comfort/fast road bike

Discuss light weight issues concerning road bikes & parts.
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digitalnorbs
Posts: 492
Joined: Mon Jul 31, 2006 6:49 pm

by digitalnorbs

hello, I think that Im slowly getting the feeling that my 2005 scott cr1 team issue is a bit too aggressive for me. I think something that has a bit more relaxed geometry will be better for me right now, maybe a higher head tub ect. can you guys throw some options at me. One more question. will going size bigger from my current 54 add comfort? Thanks

by Weenie


runningrunningjump
Posts: 200
Joined: Tue Jun 28, 2011 10:43 pm

by runningrunningjump

Do any of your buddys have a 56 you could go for a ride on? Chances are you could go up to a 56. I had an aggressive 54 and it almost snapped my spine! Went to a 56 and was much happier. In 5'10, 31 leg.

I did have a cannondale synapse, was very comfortable, on a super six now with quite long head tube.

Scott's race bikes are quite brutal right? A switch to a more comfortable frame in a 56 without going for a full on sportif design might be enough? I looked at the cervelo RS and cannondale synapse and the synapse was the one for me. However the super six, super six evo and caad10 are hard to beat in every way. Test ride them before you buy next.....

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btompkins0112
Posts: 2693
Joined: Fri Feb 11, 2011 3:04 am
Location: Mississippi

by btompkins0112

Trek Domane 6
Specialized Sworks Roubaix
Felt Z1
Giant Defy Advanced SL

Don't just go up a size...if you are looking for a more comfortable ride get a bike with a comfortable geometry. Plenty of race-worthy performance choices.

teddysaur
Posts: 119
Joined: Tue Jan 10, 2006 4:28 am

by teddysaur

I would say try beatnik bike fit calculator first. It works well for me.

If you want additional comfort, you can try latex tube with high end tyres as the cheapest solution.

If that doesn't cut it, you can try Lynskey R230 frame and SMP saddle. The combination gives a good suspension for going over rough bumps.

eflayer
Posts: 35
Joined: Sat Mar 05, 2011 6:01 am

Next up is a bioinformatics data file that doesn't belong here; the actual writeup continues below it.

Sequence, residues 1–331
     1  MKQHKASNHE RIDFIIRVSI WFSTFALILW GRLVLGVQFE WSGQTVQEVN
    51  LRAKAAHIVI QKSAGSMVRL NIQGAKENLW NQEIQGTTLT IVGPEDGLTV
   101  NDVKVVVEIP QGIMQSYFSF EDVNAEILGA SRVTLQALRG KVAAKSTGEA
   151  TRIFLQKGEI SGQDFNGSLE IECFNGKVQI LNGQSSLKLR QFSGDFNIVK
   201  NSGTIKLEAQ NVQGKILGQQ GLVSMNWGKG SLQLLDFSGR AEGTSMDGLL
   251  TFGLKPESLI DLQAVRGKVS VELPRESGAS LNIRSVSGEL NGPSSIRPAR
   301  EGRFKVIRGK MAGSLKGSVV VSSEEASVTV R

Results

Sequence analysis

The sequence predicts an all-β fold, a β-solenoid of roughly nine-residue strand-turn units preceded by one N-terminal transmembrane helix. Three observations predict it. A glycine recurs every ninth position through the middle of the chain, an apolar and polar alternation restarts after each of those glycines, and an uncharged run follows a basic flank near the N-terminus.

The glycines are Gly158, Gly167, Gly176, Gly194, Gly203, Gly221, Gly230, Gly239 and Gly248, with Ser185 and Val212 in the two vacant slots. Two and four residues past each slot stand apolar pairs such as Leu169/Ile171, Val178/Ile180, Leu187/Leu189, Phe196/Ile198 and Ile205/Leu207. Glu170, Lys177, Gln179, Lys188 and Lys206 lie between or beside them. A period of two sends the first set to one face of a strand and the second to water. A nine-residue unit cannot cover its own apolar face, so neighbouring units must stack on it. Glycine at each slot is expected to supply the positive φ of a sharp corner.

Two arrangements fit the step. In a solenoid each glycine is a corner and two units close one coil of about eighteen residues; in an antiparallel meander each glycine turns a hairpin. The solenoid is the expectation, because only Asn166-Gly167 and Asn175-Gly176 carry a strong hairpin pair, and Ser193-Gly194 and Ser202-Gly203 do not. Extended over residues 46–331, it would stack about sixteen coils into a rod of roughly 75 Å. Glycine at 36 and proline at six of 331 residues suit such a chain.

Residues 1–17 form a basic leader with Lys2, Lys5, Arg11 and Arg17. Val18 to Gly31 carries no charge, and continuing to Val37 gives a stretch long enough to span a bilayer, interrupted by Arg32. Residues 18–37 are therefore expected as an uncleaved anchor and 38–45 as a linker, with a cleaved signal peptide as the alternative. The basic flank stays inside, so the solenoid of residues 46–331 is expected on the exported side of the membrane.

Location: SF Bay Area

by eflayer

no bragging here, but i have owned 20 bikes over the last 10 years. currently own a custom steel travel bike and a custom steel non travel bike...and a Specialized Roubaix. Prefer the looks of traditional steel, but like the Roubaix more than anything I have ever ridden. Not sure about all the factors that lead to this preference, but this 2009 S-Works Roubaix is just plain comfortable = tall headtube, reasonable angles, slightly longer chainstays, carbon, Zertz, carbon bars, 23 mm wide rims, 25 mm tires inflated to 85psi. It is also 4-5 lbs lighter than my steel with carbon forks so it goes upwards like crazy. Of the 20, the Roubaix wins hands down.

socratease
Posts: 169
Joined: Thu Oct 13, 2011 5:25 pm

by socratease

Two different things at play: aggressive fit and aggressive geometry. The first thing I would recommend doing is get a fit. Then, if your bike still isn't playing nice, but you're in a comfortable position, most of the battle is won, and you could get a more laid bike while replicating that position.

Installing the largest volume tires your bike could handle can do a lot about frame comfort as well as a bit for frame geo.

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roshea
Posts: 20
Joined: Fri Feb 04, 2011 5:12 am

by roshea

Since Scott brought out the Addict, the CR1's (since 2009?) have become more comfort-oriented: taller head tubes than the older ones and also (at least according to the marketing people) a smoother ride. That said, I've never found my 2006 CR1 to be harsh or twitchy.

davidalone
Posts: 589
Joined: Fri Feb 10, 2012 4:27 pm

by davidalone

if the geo doesnt't fit, like most I would recommend the new roubaix. rode one of the old ones for abit and it can only get better.

the giant defy also works.

an alternative that not many people will know about is the bianchi infinito. I am currently riding one and the geometry is really good for me. the geometry is not your typical 'endurance' bike. the taller headtube (but not too tall) lets me setup however agressive or comfortable I want it to be. the wheelbase is slightly longer, but not too long, so it's a very well-mannered machine on the road and doesn't feel twitchy or slightly 'nervous' like some race bikes do. That being said it doesn't corner like the best criterium machines out there, but once you've got the hang of it you can push it's limits without fear.

so far it's the only bike I know thats been ridden as a protour Classics bike ( some riders of vacansoliel DCM used them in roubaix, but others passed it over as it can only accomodate 25 tyres and 28 seems to be the favored tyre in roubaix)
and in grand tours ( Robbie hunter, 2009 Giro) , so it's certainly a comfortable and race worthy machine at the same time.